At all events, White Laboratories does not question the jury’s right to draw an inference of negligence or unreasonable (implying reasonably foreseeable) danger. It does complain about the jury instructions, however, and about the action of the plaintiff’s counsel in harping to the jury on the dangers of dienestrol to Anne Needham’s mother, even though she was not a plaintiff and, so far as appears, had not been injured by the estrogen treatments that she took while pregnant. The complaints are related; the alleged error in the instructions consists of language that, White Laboratories argues, authorized the jury to award judgment to Anne on the basis of the dangers of dienestrol to her mother.
The attack on the instructions assumes, what is by no means certain but is also unnecessary to decide, that if the harm to Anne Needham was unforeseeable she cannot recover damages merely because the defendant was negligent toward her mother and the negligence caused the daughter’s injury. Against the assumption it can be argued that while unforeseeable plaintiffs are sometimes barred, this is by no means always true. In Renslow v. Mennonite Hospital, a child who had not been conceived at the time the hospital’s employees committed negligent acts against her was allowed to recover the harm to herself caused by those acts. The present case is thus an even stronger case for what the Supreme Court of Illinois later described as the “limited area of transferred negligence” (corresponding to transferred intent in the law of intentional torts) recognized in Renslow. Kirk v. Michael Reese Hospital & Medical Center.
Even if the injury to Anne Needham would have had to be foreseeable for White Laboratories to be held liable, its attack on the instructions must fail — and this though the instructions are redundant, disorganized, and full of legal jargon. White Laboratories does not complain about the instructions en masse; and although the result of the judge’s picking and choosing among the instructions tendered by the parties leaves much to be desired as a specimen of English prose designed for persons with no legal training, we do not set aside a jury verdict on the ground of lack of clarity, or even outright error in some of the instructions, unless — having due regard for the unrealism of assuming that isolated passages in a long set of instructions are likely to have made the difference — we are convinced that the instructions, taken as a whole, are likely to have impaired substantially the jury’s ability to understand the case.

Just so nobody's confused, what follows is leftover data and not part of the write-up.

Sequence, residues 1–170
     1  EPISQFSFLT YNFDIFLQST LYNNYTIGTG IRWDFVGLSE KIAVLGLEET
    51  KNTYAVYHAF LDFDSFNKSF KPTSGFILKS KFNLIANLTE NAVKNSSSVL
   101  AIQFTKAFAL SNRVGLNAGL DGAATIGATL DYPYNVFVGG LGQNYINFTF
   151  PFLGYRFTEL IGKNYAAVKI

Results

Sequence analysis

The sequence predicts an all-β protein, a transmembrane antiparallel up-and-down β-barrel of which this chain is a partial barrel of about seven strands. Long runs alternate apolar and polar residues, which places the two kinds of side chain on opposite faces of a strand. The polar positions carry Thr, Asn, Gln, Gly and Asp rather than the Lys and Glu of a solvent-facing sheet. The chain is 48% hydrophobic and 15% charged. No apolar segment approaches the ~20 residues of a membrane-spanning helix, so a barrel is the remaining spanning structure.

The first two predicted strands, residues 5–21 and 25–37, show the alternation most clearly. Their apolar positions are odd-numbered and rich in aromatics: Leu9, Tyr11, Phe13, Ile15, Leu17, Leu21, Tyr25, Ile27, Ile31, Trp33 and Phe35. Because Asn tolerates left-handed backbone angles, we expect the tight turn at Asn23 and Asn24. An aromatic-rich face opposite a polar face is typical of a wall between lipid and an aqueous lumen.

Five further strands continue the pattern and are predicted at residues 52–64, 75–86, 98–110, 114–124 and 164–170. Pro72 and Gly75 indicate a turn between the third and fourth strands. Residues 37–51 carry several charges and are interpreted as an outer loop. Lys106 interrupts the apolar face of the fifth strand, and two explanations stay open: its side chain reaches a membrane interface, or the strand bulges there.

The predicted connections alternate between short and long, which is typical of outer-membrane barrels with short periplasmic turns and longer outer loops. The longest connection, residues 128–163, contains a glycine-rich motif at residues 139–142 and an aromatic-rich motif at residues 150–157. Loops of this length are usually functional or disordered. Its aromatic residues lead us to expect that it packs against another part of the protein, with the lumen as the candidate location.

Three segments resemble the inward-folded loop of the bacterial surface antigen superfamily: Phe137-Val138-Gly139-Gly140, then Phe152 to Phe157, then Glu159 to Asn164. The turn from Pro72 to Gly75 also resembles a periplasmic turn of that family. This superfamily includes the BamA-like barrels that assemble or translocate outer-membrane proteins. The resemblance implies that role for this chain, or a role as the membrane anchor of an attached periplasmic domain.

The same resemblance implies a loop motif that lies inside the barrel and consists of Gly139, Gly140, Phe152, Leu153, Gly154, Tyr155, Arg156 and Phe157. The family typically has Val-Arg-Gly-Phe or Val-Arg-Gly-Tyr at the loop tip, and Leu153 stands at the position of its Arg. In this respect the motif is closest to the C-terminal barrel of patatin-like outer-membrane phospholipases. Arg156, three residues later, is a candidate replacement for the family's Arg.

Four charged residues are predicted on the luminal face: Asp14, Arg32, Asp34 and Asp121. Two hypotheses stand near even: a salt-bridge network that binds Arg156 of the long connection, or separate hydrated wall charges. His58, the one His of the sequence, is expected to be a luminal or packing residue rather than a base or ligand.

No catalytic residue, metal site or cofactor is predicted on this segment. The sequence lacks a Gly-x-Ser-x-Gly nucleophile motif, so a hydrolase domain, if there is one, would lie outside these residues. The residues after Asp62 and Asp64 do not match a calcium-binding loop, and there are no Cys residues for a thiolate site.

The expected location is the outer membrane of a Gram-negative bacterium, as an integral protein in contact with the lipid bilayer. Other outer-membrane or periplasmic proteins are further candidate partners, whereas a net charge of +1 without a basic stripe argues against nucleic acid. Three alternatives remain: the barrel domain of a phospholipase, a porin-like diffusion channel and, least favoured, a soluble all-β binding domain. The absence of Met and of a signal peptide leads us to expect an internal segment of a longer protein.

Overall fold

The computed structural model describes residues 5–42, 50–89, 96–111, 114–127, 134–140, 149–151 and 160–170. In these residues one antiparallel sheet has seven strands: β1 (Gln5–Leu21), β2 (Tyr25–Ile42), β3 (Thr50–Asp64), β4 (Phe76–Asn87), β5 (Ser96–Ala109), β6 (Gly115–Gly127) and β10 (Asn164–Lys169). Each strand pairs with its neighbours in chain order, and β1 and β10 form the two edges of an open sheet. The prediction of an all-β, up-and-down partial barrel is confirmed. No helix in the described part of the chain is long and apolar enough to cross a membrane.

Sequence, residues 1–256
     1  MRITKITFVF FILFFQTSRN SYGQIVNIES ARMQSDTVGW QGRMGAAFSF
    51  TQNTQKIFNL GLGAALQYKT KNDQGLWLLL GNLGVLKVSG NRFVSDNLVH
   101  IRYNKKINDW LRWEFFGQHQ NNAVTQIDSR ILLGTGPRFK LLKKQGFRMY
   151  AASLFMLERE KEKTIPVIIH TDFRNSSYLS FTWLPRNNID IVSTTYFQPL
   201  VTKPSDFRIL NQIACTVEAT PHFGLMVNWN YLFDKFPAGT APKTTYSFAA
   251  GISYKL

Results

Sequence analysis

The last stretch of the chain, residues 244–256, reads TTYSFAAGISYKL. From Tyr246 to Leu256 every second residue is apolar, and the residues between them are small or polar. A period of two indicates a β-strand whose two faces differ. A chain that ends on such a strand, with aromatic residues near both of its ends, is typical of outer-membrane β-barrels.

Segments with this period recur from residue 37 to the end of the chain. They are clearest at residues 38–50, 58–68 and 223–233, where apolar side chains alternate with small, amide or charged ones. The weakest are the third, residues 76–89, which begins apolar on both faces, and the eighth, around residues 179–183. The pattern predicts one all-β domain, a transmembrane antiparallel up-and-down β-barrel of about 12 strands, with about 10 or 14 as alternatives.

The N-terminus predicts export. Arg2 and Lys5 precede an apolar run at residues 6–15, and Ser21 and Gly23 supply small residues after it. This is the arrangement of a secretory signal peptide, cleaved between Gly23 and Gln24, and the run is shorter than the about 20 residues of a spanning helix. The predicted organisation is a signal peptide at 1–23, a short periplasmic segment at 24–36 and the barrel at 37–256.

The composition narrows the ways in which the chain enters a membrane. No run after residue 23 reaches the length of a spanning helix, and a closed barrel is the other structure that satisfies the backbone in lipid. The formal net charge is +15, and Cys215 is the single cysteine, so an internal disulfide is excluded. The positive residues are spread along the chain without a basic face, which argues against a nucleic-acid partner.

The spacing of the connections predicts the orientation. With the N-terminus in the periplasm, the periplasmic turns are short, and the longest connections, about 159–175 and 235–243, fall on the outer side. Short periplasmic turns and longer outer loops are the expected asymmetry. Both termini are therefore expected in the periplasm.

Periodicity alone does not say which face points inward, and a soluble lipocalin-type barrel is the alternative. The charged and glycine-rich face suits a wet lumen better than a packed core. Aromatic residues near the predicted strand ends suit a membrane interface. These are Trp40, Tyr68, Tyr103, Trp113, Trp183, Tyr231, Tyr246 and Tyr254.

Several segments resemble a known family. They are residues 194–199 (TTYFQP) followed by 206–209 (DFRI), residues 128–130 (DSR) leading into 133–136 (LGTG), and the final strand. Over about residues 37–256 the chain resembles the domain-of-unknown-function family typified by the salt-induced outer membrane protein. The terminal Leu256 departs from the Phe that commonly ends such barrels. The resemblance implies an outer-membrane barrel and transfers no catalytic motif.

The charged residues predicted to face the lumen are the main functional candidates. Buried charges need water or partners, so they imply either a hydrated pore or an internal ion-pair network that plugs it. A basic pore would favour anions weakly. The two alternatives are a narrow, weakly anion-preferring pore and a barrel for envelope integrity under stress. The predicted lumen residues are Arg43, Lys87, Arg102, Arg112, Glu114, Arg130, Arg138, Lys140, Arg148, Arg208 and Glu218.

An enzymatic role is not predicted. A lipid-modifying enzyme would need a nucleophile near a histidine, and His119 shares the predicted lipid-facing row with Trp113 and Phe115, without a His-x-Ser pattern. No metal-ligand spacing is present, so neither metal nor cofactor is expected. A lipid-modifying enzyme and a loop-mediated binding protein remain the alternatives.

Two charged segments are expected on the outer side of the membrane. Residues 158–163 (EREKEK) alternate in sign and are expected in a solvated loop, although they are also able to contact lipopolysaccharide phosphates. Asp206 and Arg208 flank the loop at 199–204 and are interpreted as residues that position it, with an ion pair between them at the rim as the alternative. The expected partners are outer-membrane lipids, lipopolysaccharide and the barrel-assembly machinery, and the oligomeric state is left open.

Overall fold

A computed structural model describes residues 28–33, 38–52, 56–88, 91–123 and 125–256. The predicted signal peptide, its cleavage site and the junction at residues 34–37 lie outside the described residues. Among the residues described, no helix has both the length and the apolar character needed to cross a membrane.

White Laboratories focuses on the instruction that allowed the jury to find negligence if “the defendant failed to warn the medical profession … about the reasonably foreseeable potential development of cancer to users and their offspring exposed to the effects of the drug,” or “failed to reasonably test for potential harmful effects to users and their offspring.” There was much evidence that White Laboratories should have warned the medical profession about the danger that dienestrol would cause cancer in the users of the drug, such as Anne Needham’s mother. This evidence was admissible and admitted, even though Mrs. Needham was not a plaintiff, because the more carcinogenic a drug is, the greater the duty of the manufacturer to explore the full scope of its potential danger. This is an application of the basic tort principle (itself a corollary of the even more basic principle that negligence is the failure to take a level of precautions commensurate with the likelihood and magnitude of the risk created by the defendant’s conduct, that the greater the benefits of precaution, the more precautions must be taken. Investigation of the dangers of a product is a form of (or step toward) precaution against those dangers; so the greater the potential dangers, the greater the duty of inquiry. In the case of a drug given to pregnant women, the potential danger includes harm to the fetus, since many substances pass the placental barrier — and this was known in 1952. But because no one in 1952 knew that estrogen therapy could cause cancer in the fetus, the plaintiff’s counsel naturally placed heavy emphasis on the studies that showed it might cause cancer in the mother, as those studies helped bridge the gap between the single study that had shown that estrogen might harm the fetus and the conclusion he wanted the jury to draw (perhaps unnecessarily) that White Laboratories should have realized there was a risk that estrogen might cause cancer in the fetus. White Laboratories argues that this heavy emphasis, combined with the instruction quoted above, invited the jury to award Anne Needham damages for White Laboratories’ failure to warn the medical profession about the danger of dienestrol to the user, not the danger to the fetus.